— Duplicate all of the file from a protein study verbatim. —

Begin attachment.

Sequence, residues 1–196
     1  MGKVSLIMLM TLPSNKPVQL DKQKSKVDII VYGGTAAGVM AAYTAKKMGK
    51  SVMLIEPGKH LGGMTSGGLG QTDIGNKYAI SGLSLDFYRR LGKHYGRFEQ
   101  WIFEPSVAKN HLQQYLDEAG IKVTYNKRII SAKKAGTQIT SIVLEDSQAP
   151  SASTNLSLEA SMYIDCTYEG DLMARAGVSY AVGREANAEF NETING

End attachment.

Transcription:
Sequence, residues 1–196
     1  MGKVSLIMLM TLPSNKPVQL DKQKSKVDII VYGGTAAGVM AAYTAKKMGK
    51  SVMLIEPGKH LGGMTSGGLG QTDIGNKYAI SGLSLDFYRR LGKHYGRFEQ
   101  WIFEPSVAKN HLQQYLDEAG IKVTYNKRII SAKKAGTQIT SIVLEDSQAP
   151  SASTNLSLEA SMYIDCTYEG DLMARAGVSY AVGREANAEF NETING